Villa Mella sector, Santo Domingo Norte municipality.- Diego, 12, loves photography and that is the career he wants to pursue as an adult. His desire was strengthened after participating in the project “My Vision. My Rights” last year, a World Vision initiative that allowed him to tell the reality of his community and display images on the Photoimagen 2014, one of the largest photo exhibitions of an international festival in the Dominican Republic.
The project covered a photography course taught by professional photographers from media outlets and independent photographers, and Diego attended to four classes during two consecutive weeks.
“I loved the training. I learned the different kinds of shots, how to take a photo, how to make it look good, how to keep them from getting blurry and how to try to make good ones”, he says.
Photographer Ricardo Piantini with Diego.
In total, 34 children from seven provinces participated, like Diego did, in the project; and the children also learned about children’s rights so that they could link those to the pictures they took.
For Diego, the right to non-discrimination was the one that caught his attention: “Kids who have better economic situation should help those who are most vulnerable. Children must go to school so they can get a career”.
Diego attends the seventh grade, he likes math and he has continued taking pictures with the camera donated to him by World Vision as part of the project: “I like to photograph nature and people who live in a vulnerable condition”.
Two photos taken by Diego were exhibited at Galeria 360, one of the most exclusive, busiest and largest shopping centers in the city of Santo Domingo, the capital city, in order to raise awareness about the need for child protection and how poverty limits the development of a more just and secure society.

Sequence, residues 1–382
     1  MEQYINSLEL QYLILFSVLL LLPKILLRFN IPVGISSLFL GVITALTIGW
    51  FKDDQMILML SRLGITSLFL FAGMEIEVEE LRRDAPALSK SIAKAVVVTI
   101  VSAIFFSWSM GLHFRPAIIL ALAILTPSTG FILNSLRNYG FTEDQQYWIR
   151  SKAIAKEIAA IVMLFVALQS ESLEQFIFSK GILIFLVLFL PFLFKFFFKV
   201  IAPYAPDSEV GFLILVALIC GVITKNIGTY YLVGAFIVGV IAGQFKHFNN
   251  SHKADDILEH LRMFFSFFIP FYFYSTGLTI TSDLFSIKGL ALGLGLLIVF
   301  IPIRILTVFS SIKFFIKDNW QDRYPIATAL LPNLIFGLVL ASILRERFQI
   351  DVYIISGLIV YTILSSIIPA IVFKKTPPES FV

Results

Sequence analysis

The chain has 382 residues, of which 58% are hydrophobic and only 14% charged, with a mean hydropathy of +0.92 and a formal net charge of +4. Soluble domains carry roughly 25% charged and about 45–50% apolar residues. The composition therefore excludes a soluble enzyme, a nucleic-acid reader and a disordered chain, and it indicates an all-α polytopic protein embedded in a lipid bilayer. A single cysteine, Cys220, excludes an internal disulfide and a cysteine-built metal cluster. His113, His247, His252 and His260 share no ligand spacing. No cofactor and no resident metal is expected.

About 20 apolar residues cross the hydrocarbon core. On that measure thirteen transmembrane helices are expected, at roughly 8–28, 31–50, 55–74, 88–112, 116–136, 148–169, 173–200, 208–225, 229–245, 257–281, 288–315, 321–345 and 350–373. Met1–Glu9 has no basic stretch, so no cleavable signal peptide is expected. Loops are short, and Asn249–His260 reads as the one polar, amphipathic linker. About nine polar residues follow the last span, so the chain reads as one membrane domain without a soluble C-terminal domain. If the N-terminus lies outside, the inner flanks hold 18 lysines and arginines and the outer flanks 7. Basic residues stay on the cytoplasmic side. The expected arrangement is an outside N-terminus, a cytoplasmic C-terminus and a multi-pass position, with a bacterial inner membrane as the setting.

“I liked seeing my picture prominently there [at the mall] and meet with the other participant children like me and with my instructors”, he says.
Diego, next to one of the photos taken by him in Gallery 360 mall exhibition.
The exhibition at Gallery 360 mall.
Diego lives with his father, stepmother and two sisters, and he feels grateful to God for his family.
Rafael, Diego’s father, has a small convenience store in the frontal part of the house, and that is where financial support for this family comes from. Every morning, this man leaves the house at six o'clock to get the goods to supply his business. He comes back three hours later. He sells greens, vegetables and other products.
“We’ve had good times with World Vision. It has been excellent. In my grocery store I sell drinkable water that I purchase at World Vision’s water plant at a very low price compared to others, and resell in my business at an affordable price to families with vulnerable children. This is the water we drink in my house and my children have not become sick of their stomach again. In the past we used to drink very poor quality water”, he says.
Rafael is the chairman of the neighborhood board and a member of the children and adolescents protection network supported by World Vision in partnership with other organizations in the town.
Diego and his father Rafael.
“Diego is a great kid, good student, careful about his stuff. At home he is a good helper and at school he has been in the students’ honor roll for more than six years”, says Rafael about his son. Diego's father is proud that his son has a projection in life: “I feel great because I see he loves photography and since my son feels good I feel great about World Vision and that project”, he adds.
Diego has continued learning with World Vision. The most recent course he took was about sexual and reproductive health, and he says that the next thing he will learn is about computers.